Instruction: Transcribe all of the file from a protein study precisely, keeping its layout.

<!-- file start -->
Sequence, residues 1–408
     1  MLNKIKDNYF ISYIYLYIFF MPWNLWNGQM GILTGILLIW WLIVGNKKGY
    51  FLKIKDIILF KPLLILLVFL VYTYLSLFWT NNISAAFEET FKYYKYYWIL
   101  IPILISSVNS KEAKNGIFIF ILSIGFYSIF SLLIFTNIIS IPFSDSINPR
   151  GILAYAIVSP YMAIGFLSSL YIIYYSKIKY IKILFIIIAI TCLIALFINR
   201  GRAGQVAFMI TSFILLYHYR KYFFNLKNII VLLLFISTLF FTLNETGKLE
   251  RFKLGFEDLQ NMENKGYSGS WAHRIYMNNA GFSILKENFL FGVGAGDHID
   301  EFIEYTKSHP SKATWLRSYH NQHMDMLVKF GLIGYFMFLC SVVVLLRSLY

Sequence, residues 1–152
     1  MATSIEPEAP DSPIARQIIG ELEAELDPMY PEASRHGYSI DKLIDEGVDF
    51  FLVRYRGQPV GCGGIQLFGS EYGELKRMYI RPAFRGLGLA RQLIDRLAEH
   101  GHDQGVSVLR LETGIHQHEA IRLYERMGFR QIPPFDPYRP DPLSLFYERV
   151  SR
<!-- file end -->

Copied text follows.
Sequence, residues 1–408
     1  MLNKIKDNYF ISYIYLYIFF MPWNLWNGQM GILTGILLIW WLIVGNKKGY
    51  FLKIKDIILF KPLLILLVFL VYTYLSLFWT NNISAAFEET FKYYKYYWIL
   101  IPILISSVNS KEAKNGIFIF ILSIGFYSIF SLLIFTNIIS IPFSDSINPR
   151  GILAYAIVSP YMAIGFLSSL YIIYYSKIKY IKILFIIIAI TCLIALFINR
   201  GRAGQVAFMI TSFILLYHYR KYFFNLKNII VLLLFISTLF FTLNETGKLE
   251  RFKLGFEDLQ NMENKGYSGS WAHRIYMNNA GFSILKENFL FGVGAGDHID
   301  EFIEYTKSHP SKATWLRSYH NQHMDMLVKF GLIGYFMFLC SVVVLLRSLY

Sequence, residues 1–152
     1  MATSIEPEAP DSPIARQIIG ELEAELDPMY PEASRHGYSI DKLIDEGVDF
    51  FLVRYRGQPV GCGGIQLFGS EYGELKRMYI RPAFRGLGLA RQLIDRLAEH
   101  GHDQGVSVLR LETGIHQHEA IRLYERMGFR QIPPFDPYRP DPLSLFYERV
   151  SR